The City of Evanston, an inner-ring suburb bordering the City of Chicago, has adopted both Age-Friendly Evanston — a strategy within which individual plans integrate with its broad livable communities for all ages framework — and specific programmatic goals.
Goals developed around transportation and mobility specifically include "improving healthy-active transportation connections, transit services and on-demand transportation access" and "promoting inclusionary planning through the Transit Planning 4 All program."
As a recent program that advances these goals, Evanston has launched TransAssist 4 Evanston, a pilot program that provides door-to-door services on both a direct trip basis and on a shuttle basis using wheelchair-accessible vans and buses with trained drivers. Integrating its transportation and mobility goals with its broader livable community agenda is serving Evanston and its residents well.
CBCAC recently secured a Healthy Chicago 2.0 Seed Grant from the Public Health Institute of Metropolitan Chicago and the Chicago Department of Public Health. This will help promote physical activity among residents by finalizing plans for walking and bike paths and other supportive infrastructure, which will advance its "age-friendly" neighborhood goal.
As a result of savvy, integrated planning, Chinatown is setting an example for place-based, sustainable planning of a livable community that meets the needs of its residents throughout their lifespans.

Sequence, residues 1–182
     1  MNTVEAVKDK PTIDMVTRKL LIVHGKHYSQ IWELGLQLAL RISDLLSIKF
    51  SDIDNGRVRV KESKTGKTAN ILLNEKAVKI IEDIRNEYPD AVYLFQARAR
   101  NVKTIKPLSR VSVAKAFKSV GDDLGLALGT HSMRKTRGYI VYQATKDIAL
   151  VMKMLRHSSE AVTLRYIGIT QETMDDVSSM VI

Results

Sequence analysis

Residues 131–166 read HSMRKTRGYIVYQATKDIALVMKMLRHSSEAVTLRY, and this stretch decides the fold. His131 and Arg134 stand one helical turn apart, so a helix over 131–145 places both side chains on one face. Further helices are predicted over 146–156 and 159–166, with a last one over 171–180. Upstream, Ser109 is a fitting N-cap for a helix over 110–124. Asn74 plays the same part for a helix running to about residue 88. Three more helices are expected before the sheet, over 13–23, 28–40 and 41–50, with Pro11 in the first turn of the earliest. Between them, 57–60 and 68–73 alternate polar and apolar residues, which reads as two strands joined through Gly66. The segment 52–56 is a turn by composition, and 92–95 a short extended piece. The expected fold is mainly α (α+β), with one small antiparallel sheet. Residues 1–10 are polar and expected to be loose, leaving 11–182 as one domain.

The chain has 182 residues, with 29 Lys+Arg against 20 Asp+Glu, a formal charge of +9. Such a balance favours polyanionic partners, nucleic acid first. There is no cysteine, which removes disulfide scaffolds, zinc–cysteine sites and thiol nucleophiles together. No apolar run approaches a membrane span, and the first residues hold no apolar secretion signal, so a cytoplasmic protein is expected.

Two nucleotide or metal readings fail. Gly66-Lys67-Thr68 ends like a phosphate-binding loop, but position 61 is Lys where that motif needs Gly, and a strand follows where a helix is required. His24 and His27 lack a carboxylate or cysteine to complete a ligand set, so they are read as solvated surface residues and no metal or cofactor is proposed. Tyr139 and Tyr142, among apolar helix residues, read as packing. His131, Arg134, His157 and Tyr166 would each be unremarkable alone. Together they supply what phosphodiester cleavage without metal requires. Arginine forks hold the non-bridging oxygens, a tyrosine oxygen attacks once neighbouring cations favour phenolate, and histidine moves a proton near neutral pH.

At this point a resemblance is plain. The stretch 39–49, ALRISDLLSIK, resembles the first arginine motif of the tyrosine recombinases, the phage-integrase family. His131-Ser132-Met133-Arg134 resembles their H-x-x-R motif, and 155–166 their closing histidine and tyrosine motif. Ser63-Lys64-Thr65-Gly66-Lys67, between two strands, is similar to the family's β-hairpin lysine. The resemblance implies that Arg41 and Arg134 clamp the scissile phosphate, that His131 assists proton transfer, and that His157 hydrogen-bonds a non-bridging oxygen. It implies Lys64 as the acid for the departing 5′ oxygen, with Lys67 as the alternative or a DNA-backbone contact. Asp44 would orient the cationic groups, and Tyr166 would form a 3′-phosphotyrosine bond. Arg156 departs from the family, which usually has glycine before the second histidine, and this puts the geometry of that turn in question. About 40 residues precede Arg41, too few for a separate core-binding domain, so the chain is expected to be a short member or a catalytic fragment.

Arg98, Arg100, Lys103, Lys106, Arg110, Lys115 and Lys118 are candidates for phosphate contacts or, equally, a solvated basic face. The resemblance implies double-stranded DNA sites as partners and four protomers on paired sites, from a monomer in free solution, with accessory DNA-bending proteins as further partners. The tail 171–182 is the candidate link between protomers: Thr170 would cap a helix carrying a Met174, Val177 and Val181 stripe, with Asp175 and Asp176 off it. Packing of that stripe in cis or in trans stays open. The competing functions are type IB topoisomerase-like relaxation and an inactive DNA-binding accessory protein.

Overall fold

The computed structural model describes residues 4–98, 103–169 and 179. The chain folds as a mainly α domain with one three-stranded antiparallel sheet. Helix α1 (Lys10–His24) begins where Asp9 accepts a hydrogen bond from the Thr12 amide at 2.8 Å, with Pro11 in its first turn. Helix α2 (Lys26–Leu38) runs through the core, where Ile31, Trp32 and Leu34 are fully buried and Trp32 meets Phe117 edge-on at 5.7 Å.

In conclusion, and as a framework that can apply to the subsequent blog posts in this series, the aging network often refers to the "No Wrong Door" concept, by which it means that regardless of the initial entry point an individual uses to access needed services, s/he can be connected to adequate and appropriate support to address their various needs.
I propose that at the community and regional scale, community planners, public health practitioners, and other supporters of the Plan4Health collaboration take a similar approach, and champion approaches whereby many different doors, and planning strategies and collaborations, can and do lead to the development and sustenance of livable communities for all ages.
Livable Communities for All Ages webinar
Top image: Older adults engaged in the planning process. Photo courtesy AARP.
About the Author
Brad Winick, AICP, LEED AP
Brad Winick is an urban planner and architect who holds master's degrees in urban planning and policy and in architecture from the University of Illinois at Chicago, where he is an adjunct professor in the College of Urban Planning and Public Affairs. As a planning consultant, he has managed planning projects for public and private sector clients. Winick is the founder of Planning/Aging, a consultancy dedicated to helping communities plan for their aging populations, and a founder of the Lifetime Communities Collaborative, which takes a regional perspective and a multi-sectoral approach towards developing communities that meet the evolving needs of their residents regardless of their age or ability.